I received an interesting email from a pastor today who “followed my advice” and raised questions about expectations and accountability in the church. He asked the “what is the church?” and “what is the church for?” questions, and zeroed in on what our membership vows really mean. He was shocked when the chair of the church council responded by saying, “well, we don’t have time to talk about this now. We have church business we need to deal with.” Later that evening, the chair of SPRC (Staff-Parish Relations Committee) called to schedule an appointment — “We need to talk. As soon as possible.” The pastor was surprised early the next morning when the SPRC chair, the Lay Leader, the church Council chair, and the head of Trustees all showed up together. The conversation went something like this (church leadership in bold; pastor normal type):
We need to know what’s gotten into you?
What do you mean?
This kick you’re on to push; to make us feel bad about not doing enough?
I’m not trying to make anyone feel bad. I’m just trying to offer people something better. I want to help people grow in their faith.
Well, that’s fine, but a lot of people are perfectly happy where they are.
I know they are, but that doesn’t mean they should be.
See? That’s exactly the kind of pressure we’re talking about. Who are you to judge what kind of Christians people should be?
It’s not a matter of “judging” anyone. It’s a matter of helping people grow in their faith.
You made a lot of people uncomfortable last night. You made it sound like we should be doing more.
We SHOULD be doing more! I brought up the issues for a reason.
But that’s not why people come to this church. People come here because they know they will be loved and cared for, not judged and made to feel guilty.
Being loved and cared for and becoming faithful disciples are not mutually exclusive. People should want both.
In your opinion. None of our previous pastors said any of this stuff.
But it isn’t just my opinion. It’s in the Bible. It’s in our Book of Discipline. I didn’t make this stuff up.
No, you said you pulled it off the web and we all know how reliable things are you can find online.
You’re kidding, right? You’re saying because I got the articles off the web that we shouldn’t pay attention to it? All I raised were three questions: what is the church? what is the church for? and how do we hold people accountable to the promises they made to God and one another. That’s all. These are good questions to ask.
But they’re unnecessary. We’re not trying to be super-Christians. We’re just normal people who love God and need to know that God loves us. That’s all. We don’t need you telling us how we ought to live our faith. It’s none of your business if we pray or not or read the Bible or even how often we attend church. You are here to be our pastor, not our conscience.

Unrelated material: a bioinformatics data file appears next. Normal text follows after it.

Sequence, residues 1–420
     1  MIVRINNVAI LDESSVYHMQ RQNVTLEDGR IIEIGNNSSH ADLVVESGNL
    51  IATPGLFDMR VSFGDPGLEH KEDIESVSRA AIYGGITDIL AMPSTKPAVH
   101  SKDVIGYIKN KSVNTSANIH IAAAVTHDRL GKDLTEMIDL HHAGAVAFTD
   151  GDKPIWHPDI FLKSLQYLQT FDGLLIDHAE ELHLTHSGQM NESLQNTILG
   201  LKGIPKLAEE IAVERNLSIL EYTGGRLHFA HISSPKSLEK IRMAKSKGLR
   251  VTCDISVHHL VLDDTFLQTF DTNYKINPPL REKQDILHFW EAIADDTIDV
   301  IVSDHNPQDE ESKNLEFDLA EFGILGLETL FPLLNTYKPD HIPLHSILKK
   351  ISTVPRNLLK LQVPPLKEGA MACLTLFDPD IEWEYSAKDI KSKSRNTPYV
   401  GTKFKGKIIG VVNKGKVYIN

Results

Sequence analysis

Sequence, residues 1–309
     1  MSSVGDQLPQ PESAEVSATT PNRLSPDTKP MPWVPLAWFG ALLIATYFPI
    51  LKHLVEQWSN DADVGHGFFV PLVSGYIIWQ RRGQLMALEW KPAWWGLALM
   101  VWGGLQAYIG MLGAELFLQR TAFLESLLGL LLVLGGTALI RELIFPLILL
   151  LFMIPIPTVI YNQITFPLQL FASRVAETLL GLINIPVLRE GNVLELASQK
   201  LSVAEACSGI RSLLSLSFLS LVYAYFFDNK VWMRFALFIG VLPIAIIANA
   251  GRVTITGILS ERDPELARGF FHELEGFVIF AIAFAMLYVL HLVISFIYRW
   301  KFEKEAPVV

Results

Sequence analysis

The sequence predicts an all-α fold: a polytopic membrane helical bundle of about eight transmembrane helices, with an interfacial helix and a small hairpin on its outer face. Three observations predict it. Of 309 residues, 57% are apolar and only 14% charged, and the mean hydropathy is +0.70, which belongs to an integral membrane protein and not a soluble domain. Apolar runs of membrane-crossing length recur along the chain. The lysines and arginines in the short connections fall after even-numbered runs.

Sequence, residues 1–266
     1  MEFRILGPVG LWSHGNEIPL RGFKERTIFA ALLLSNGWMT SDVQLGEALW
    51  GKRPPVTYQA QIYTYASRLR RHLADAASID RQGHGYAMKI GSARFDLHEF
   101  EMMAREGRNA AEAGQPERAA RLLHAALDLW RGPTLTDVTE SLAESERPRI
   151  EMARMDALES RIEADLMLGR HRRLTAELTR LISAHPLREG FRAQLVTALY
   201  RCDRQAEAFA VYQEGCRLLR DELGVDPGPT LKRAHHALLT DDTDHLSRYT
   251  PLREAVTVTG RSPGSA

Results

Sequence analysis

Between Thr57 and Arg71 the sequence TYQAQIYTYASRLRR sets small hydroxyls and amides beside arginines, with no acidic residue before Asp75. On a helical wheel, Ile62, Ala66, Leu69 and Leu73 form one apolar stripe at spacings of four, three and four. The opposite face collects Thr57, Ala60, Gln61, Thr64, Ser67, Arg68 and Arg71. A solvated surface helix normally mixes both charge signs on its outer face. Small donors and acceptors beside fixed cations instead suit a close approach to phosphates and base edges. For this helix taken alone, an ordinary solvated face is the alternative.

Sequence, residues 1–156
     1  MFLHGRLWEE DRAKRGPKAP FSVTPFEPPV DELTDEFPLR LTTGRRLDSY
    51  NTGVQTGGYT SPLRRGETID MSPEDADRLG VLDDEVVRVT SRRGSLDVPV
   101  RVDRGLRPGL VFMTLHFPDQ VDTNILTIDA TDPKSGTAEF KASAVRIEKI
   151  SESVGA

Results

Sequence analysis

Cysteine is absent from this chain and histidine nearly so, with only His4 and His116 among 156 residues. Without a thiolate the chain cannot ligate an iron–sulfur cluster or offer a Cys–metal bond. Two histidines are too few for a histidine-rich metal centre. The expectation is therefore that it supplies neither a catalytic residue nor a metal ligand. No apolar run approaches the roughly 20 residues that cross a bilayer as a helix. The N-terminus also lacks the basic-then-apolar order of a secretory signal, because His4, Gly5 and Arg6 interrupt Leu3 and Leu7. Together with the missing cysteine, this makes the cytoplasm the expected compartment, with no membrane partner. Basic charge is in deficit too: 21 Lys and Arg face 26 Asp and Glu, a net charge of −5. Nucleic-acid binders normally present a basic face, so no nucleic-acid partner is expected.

But I wouldn’t be doing my job if I didn’t preach and teach from the Bible and challenge people to be the best Christians we can be.
Look, you’re young and we want to support you, but you need to be reasonable. People are busy — we have full lives. We don’t have time to be saints. We need you to do your job — lead worship, visit church members, teach confirmation, pray for us, and try to grow the church. We just don’t need you making things harder than they ought to be.
I don’t know what to say. You tell me you want me to do my job, but when I do my job you don’t want me to. This is impossible. I didn’t do anything wrong last night. In fact, I did exactly the right thing.
The pastor received a call later in the day from his district superintendent. Hoping for support, he was irritated to discover that his DS sided with the congregation’s leadership, asking that he “back off.” The DS told him that he needed to make this appointment work, and that he couldn’t afford to alienate key leadership. Again, he heard that he needed to be “reasonable.”
What am I missing here? I was called to ministry. I am part of a church whose mission is to make disciples, but when I bring up acting like disciples I am told to back off. If we can’t even have discussions about what it means to be the church in the church, we’re in big trouble. Anyway, I just wanted you to know that your “basic” questions are not “simple” questions at all.
This is one of the more dramatic responses I have received, but in no way is it rare or unusual. Some of our United Methodist churches are held hostage by low expectations, complacency, lack of vision, and a distinct aversion to anything remotely disciple-like. What are we going to do about it? When mediocrity becomes the standard, it is only a matter of time until we cease to exist. No relevancy, no urgency, no commitment = no church. Unless it is safe and even encouraged to rock the boat, makes some waves, and shake things up, we may be looking for a new church real soon.